Damn hippies sure do know how to cook

Pasta with fennel

The Summer of 1989 found us in San Francisco with Michelle’s mom, Jean.  In that pre-Gourmandistan era, we weren’t really aware of the downsides of industrial food—instead, we were crazy for Asian.  The San Francisco dining guide we bought before the trip had so many Asian restaurants marked we realized we’d have to eat about six meals a day to try all that we wanted.  Not that we didn’t try to hit every one.  We were enjoying siu mai, chicken feet and much more amidst Chinese families in a huge dim sum parlor when news of the Tiananmen Square massacre started trickling in.  In a Laotian hole-in-the-wall we were taught how to hand-fold richly spiced beef jerky into sticky rice patties, an amazing dish we’ve never been able to find anywhere since. Singaporean chili crabs, Cambodian crispy fish, Chinatown salt and pepper shrimp and Indonesian rijsttafel were all enjoyed.

Jean was a game guest as we wandered through seemingly endless opportunities to eat more Asian. But she gently insisted she wanted to try a meal at San Francisco’s famous vegetarian restaurant, Greens. While we agreed, we weren’t that thrilled. After all, we definitely weren’t some hippie types interested in vegetables, grains and tofu.  But when your Mom has put up with parades of congee, kimchi and other Asian indulgences, what can you say?  So to Greens we went.  And while we can’t remember what we had for lunch that day over two decades ago, we do remember that we loved everything about it—from the food and wine to the company to the view of the bay through huge windows.

Now, although we remain omnivores (albeit more enlightened ones), the vegetarian cookbooks of Greens chefs Deborah Madison and Annie Somerville are some of our most dog-eared and spattered editions.  And, when our farm share came with a bundle of fennel, we looked to Somerville’s Fields of Greens for inspiration.


(adapted from Annie Somerville’s Fields of Greens)  (Serves 2-4, depending on how hungry you are)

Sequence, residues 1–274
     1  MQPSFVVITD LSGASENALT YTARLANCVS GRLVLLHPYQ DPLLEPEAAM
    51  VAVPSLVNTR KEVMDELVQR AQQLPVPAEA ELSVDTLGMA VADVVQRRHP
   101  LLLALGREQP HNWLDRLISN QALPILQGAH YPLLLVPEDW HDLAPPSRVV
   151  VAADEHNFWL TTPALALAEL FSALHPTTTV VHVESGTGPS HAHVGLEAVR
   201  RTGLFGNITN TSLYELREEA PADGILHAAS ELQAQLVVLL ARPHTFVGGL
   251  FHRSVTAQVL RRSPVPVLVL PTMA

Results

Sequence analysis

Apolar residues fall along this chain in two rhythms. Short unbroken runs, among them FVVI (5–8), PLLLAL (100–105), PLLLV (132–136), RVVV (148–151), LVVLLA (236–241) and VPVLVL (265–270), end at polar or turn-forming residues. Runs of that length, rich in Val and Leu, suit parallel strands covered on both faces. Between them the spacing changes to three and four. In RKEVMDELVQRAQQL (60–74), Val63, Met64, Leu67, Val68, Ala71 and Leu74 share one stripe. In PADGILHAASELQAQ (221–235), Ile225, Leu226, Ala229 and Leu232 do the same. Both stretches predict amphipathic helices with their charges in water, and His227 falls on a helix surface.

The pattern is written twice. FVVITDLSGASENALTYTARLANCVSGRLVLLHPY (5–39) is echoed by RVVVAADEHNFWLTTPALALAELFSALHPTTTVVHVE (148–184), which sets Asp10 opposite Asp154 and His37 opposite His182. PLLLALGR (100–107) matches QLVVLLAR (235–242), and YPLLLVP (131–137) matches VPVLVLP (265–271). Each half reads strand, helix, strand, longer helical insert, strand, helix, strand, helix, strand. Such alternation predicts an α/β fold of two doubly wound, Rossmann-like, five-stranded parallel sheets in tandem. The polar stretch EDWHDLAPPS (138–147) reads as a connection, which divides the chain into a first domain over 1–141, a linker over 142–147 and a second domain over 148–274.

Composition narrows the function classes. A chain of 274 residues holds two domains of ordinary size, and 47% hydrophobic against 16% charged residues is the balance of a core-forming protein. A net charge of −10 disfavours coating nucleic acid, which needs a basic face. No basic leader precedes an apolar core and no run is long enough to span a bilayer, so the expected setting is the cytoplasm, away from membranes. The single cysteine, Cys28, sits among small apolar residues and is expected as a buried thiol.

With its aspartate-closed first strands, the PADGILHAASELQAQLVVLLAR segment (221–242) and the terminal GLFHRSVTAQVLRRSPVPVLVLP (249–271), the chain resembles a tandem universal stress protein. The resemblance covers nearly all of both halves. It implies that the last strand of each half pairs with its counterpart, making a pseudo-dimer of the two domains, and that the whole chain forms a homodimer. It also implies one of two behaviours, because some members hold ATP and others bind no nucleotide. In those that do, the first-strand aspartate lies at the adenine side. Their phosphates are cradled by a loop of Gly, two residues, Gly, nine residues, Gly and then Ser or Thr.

• Pasta (we used home-made spaghetti, but dried would do)
  • 1/4 cup pine nuts
  • 2 tablespoons olive oil
  • 2 cups thinly-sliced fennel bulbs
  • Finely chopped garlic, garlic scapes and scallions (as much as you want)
  • 1 small can diced tomatoes (0r fresh, if you have them)
  • Approximately 1/4 cup coarsely chopped black olives
  • Salt & pepper
  • Grated Parmesan cheese

Toast pine nuts in a pan over medium heat, tossing until they turn golden brown. Set aside.

Sauté fennel slices in olive oil over low heat, stirring occasionally, until soft and golden. Add chopped garlic, scapes and scallions.  After a minute or so, add the tomatoes and olives. Cover and simmer.  Season with salt and pepper.  Stir in pine nuts.

Toss cooked pasta in pan with sauce.  Add Parmesan cheese after plating.


  1. You guys introduced me to Deborah. I love Vegetarian Cooking for Everyone. Love it. And now I see the Jean connection, which is wonderful! (Please tell her hey!) I will have to look for Annie Somerville’s cookbooks. I was just telling my housemates here that I could easily be a hippie.

  2. Carolyn

    Please give me an idea about fennel, and its’ flavor.
    Does it taste similar to black licorice?
    Would you come to Maine and cook for us?

    • Raw it is very licorice-y (which is not something I like). If you cook it for a long time, though, it becomes much more mellow. And, yes, I’d love to come to Maine and cook!!

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